On behalf of the Democratic Alliance for the Betterment and Progress of Hong Kong, I wish to reply to the letter by Martin Brinkley ('Wealthy DAB has shown its true colours in defence of tycoons', March 21).
Mr Brinkley's discontent seems to centre on the donations received by the DAB and his incorrect assumption that because of this money, the party acts in the interests of tycoons instead of the public.
In many democratic countries, major political parties, whether on the right or the left, often receive substantial donations.
In Britain, for example, the centre-left Labour Party, which aims for a fair and equal society, received donations worth ?19 million in 2010, while the centre-right Conservatives were given around ?31 million. I lived in the country for six years and heard many comments from citizens from the grass-roots level of society who praised the good work done by Labour. It could not have done this work, indeed it could not have survived, without financial help from the business sector. Donations are not necessarily a bad thing, Mr Brinkley.
Your correspondent's allegation regarding our support for the Land (Compulsory Sales for Redevelopment) Ordinance is groundless and misleading.
We have repeatedly stressed that many homeowners living in buildings more than 50 years old are elderly. In light of their poor financial status, they would suffer hardship if they had to bear the huge cost in maintenance and refurbishment of these buildings.
The ordinance provides them with an alternative, which helps overcome their hurdles in the course of selling their flats and obtaining cash. Our constituents applauded our decision to support the ordinance in the Legislative Council and this was done in the interests of these homeowners.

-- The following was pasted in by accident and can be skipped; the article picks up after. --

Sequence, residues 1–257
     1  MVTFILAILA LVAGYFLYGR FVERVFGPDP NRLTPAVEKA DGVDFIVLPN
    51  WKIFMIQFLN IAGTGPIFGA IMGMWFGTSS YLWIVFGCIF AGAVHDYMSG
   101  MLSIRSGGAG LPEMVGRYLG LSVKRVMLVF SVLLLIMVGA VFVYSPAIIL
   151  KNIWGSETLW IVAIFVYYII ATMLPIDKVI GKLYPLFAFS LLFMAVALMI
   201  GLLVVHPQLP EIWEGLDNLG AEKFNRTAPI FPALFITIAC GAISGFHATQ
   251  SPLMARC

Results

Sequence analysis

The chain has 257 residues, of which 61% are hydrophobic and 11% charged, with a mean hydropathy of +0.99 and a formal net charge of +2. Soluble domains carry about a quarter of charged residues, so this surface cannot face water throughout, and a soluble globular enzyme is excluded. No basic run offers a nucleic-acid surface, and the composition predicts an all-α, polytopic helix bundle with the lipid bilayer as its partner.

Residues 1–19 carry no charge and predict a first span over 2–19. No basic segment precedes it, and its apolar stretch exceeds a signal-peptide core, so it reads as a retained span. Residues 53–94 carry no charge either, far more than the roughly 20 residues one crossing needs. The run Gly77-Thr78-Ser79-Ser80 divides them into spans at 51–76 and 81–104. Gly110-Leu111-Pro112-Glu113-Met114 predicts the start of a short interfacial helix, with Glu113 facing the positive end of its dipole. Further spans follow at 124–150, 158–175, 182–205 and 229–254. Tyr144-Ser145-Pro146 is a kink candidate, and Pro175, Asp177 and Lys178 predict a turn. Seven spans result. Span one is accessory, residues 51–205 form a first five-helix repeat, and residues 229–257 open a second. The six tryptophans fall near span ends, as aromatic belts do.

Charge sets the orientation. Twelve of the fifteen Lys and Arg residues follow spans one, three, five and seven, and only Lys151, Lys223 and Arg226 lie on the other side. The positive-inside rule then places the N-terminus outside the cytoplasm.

We have worked tirelessly to assist small and medium-sized enterprises and professionals from various sectors in developing business networks on the mainland. A recent project was the launching of our Dongguan business centre.
Why should we be condemned for creating job opportunities and enhancing economic growth?
Although we are a major political party representing people ranging from the grass roots to the middle class, including professionals and owners of SMEs, not for a moment have we neglected the interests of the poor.
We have been pressing the government to alleviate their pain resulting from fierce inflation this year. In an effort to resolve the housing problems mainly faced by the middle class, we urged the government to revive the Home Ownership Scheme and increase housing supply. None of these policies has anything to do with protecting the interests of the so-called tycoons.
Because of growing resentment towards the business sector, parties which take a pragmatic approach are demonised. Can such condemnation really be seen as helping our society?
Holden Chow, chairman, Young DAB